"It’s a microbial version of the David and Goliah story where, after infecting Cafeteria roenbergeneis, Mavirus protects it against infection by CroV, while ensuring its own survival," says Suttle.

UBC Science Likes You

Visit us on Facebook and you can like us too!

Connect with classmates, share stories and updates and discover what's new by checking out the UBC Science page on Facebook. We'll be posting news from the Faculty, as well as volunteer opportunities and event updates--and we promise never to tag you in any unflattering photos.

Jamie Reimer,
BSc '95, Biology, Ecology

Current employer and position: Associate Professor, University of the Ryukyus, Okinawa, Japan.

Favourite UBC memory? My favourite UBC memories weren't labs or lectures--I wasn't the best student--but the field trip to Bamfield Marine Station, the fourth-year field project in the Endowment Lands, and living in Place Vanier still stand out more than 15 years later.

Favourite UBC professors? Professor Dolph Schluter’s biology classes were interesting, and his group’s research on fish and their evolution made a big impact on me; I've been interested in evolution and biogeography ever since. I also took a Latin American History course that was great. I think I was the only science geek in the class! We would eat Mexican food and drink Corona while watching slides of our professor's trips at his house!

How has your education at UBC helped you get to where you are today? Studying science at UBC gave me the critical thinking tools and logical background I needed to succeed in Japan. Japan is famous for its technology and industry, but many students lack critical thinking and independent research skills. The atmosphere at UBC helped me as a researcher and as an academic advisor. Coming from a Western background, I've been able to relate to students and younger academics here. There's also a big focus on diversity and internationalization, which is really exciting.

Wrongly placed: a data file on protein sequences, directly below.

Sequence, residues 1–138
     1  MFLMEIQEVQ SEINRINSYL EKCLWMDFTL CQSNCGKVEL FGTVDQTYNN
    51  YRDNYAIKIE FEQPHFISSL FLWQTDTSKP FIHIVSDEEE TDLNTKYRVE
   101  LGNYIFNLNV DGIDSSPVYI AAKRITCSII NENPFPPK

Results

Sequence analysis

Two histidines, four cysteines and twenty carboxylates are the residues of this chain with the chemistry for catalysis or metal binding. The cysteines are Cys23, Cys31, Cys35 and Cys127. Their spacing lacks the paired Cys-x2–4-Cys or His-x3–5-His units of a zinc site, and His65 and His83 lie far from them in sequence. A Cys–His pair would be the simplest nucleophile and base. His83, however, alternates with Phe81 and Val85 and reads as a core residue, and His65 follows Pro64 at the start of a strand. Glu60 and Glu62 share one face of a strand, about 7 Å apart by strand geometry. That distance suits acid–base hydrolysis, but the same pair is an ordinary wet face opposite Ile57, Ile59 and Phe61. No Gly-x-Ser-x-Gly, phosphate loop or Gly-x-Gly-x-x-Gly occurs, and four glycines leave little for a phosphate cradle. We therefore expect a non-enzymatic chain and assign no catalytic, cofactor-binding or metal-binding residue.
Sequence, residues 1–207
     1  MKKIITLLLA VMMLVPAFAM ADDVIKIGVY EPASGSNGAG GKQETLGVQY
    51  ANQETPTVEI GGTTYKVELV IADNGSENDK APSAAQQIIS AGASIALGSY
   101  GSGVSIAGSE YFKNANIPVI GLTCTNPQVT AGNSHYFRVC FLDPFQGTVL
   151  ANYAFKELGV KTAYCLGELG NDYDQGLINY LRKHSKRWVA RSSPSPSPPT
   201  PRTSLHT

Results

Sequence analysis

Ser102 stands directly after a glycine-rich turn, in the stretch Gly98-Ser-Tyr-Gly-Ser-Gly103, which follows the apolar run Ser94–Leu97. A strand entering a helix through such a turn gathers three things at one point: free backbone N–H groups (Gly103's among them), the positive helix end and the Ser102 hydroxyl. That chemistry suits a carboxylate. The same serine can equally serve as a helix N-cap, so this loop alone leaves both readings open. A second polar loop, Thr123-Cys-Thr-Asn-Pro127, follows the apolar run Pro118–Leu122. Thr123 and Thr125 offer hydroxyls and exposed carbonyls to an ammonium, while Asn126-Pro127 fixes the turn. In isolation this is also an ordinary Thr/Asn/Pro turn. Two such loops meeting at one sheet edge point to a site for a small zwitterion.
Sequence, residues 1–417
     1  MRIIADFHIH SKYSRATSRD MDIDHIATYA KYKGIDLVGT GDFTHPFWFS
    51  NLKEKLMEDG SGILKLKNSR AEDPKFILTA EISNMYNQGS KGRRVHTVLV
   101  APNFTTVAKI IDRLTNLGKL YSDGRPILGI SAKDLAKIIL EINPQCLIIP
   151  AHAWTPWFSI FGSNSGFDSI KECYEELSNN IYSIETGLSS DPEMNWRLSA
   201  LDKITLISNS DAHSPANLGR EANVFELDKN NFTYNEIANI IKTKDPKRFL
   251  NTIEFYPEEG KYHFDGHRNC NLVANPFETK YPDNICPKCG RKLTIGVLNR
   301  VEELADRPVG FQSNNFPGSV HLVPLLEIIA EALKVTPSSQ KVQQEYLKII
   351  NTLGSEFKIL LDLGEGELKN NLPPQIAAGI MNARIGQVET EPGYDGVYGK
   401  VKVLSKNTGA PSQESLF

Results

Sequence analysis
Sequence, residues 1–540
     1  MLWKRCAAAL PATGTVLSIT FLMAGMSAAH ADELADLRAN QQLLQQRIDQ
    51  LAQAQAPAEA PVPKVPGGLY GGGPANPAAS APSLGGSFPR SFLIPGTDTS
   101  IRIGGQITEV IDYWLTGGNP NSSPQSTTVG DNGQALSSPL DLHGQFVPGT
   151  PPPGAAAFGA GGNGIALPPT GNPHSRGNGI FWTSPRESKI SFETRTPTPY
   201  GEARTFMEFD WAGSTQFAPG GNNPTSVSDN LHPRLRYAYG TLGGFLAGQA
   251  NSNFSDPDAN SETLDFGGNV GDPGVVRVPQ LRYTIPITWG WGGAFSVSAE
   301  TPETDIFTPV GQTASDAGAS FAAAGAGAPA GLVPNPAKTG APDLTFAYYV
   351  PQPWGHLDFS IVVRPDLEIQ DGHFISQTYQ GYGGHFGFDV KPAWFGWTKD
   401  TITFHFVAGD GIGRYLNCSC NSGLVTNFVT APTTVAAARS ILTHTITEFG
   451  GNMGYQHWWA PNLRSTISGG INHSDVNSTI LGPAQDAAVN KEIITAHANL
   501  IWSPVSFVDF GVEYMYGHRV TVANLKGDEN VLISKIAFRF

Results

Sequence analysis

What was the most significant thing you learned while at UBC? University is a big shift for a lot of students. The “you're an adult now” lesson was a hard one for me to learn during my first few years. Being responsible, going to classes--even though no one was taking attendance--and getting my work done without follow-up from instructors was hugely important. I try to impress the importance of that on my students in Okinawa.

Any recent celebrations or accomplishments you wish to share? I have a new house here in Okinawa, and two little daughters, which make my life away from work a joy.